After years of saying U.S. involvement in a mandatory global greenhouse reduction plan is contingent upon participation by China and other developing nations, the Bush administration is now rejecting such proposals, according to environmental leaders observing Bali's climate change conference.
"The U.S. has fundamentally been talking the talk but not walking the walk," Philip Clapp, deputy managing director of the Pew Environmental Group, told reporters via teleconference this morning. "The real watershed at these talks is that developing countries, including China, have come forward and for the first time" talked about participation.
Meanwhile, rain forest nations are emerging with plans to reduce deforestation in exchange for carbon credits under a cap and trade system. "Unfortunately, the position the United States has taken is the administration can't seem to find a way to say yes to these proposals," Clapp said. Canadian environmental leader Steven Guilbeault of Equiterre called the developments a "deal maker." But insiders say things are falling apart in Bali. Clapp referred to "enormous anger in developing countries because they have come forward and done exactly what President Bush has been saying."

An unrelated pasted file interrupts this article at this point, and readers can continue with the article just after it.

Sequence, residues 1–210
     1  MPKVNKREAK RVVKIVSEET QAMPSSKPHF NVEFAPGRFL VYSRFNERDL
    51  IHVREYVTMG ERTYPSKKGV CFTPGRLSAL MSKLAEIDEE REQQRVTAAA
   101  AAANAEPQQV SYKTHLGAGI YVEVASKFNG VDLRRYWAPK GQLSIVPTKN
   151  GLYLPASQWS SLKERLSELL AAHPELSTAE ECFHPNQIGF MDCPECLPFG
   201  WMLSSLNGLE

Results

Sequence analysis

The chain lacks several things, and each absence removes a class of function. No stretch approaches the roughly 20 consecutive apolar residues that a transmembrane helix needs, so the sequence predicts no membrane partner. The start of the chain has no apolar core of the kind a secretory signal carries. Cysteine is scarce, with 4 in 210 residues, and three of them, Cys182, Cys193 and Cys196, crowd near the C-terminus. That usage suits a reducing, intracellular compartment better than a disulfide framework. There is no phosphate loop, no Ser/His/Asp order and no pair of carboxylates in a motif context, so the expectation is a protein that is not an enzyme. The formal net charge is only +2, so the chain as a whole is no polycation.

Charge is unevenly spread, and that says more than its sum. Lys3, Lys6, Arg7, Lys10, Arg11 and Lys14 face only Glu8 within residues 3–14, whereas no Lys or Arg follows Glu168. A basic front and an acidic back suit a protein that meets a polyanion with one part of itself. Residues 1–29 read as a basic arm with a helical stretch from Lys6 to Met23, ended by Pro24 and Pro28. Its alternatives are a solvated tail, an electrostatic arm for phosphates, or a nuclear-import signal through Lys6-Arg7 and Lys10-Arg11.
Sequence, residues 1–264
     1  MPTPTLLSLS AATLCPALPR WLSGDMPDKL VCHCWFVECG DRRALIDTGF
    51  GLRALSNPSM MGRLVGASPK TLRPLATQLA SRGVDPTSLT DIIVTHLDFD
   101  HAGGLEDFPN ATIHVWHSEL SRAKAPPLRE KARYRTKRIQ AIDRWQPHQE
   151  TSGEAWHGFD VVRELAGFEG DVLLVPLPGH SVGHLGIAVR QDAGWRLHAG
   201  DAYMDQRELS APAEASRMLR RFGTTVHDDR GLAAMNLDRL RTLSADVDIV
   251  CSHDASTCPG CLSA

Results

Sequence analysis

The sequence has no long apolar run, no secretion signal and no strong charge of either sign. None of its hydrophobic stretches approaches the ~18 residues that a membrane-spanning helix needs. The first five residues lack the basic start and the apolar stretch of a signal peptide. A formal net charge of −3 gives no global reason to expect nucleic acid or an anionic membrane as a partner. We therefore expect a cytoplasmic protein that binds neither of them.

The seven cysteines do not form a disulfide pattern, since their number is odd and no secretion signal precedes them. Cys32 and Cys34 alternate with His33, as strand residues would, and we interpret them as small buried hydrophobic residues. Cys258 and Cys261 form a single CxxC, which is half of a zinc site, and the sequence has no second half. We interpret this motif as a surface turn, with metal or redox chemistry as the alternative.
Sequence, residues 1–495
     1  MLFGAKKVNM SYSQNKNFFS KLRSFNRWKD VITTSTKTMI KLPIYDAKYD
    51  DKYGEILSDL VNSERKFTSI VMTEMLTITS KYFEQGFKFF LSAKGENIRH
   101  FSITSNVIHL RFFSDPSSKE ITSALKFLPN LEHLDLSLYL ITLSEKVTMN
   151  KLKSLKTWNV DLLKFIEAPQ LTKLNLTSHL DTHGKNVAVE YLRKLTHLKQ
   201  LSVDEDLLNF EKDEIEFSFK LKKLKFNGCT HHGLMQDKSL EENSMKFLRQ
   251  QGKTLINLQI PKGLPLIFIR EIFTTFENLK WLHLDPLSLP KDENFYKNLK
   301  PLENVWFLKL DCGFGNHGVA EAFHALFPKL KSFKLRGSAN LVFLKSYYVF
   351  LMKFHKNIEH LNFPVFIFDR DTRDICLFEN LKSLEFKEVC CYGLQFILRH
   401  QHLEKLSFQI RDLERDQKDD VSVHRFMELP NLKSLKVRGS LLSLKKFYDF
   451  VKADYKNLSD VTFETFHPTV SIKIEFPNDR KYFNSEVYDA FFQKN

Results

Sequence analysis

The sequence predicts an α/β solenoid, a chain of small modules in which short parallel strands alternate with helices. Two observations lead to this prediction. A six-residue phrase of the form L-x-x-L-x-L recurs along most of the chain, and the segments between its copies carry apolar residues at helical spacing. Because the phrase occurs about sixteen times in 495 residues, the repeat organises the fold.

Senate Democrats last night rushed a letter to Yvo de Boer, secretary of the United Nations Framework Convention on Climate Change, that sought to undercut the administration's hard-line stance in the negotiations. The letter describes congressional progress on a climate change bill and attempts at emissions reductions through the stalled energy bill, while trumpeting action at the state and local levels. The letter urges Bali participants to "take encouragement from these recent developments in our country" and possibly alludes to Democrats' optimism that the party will win the White House and thus change the tenor of future climate negotiations, ending with the line: "Change is happening now, and even bigger changes are on the horizon."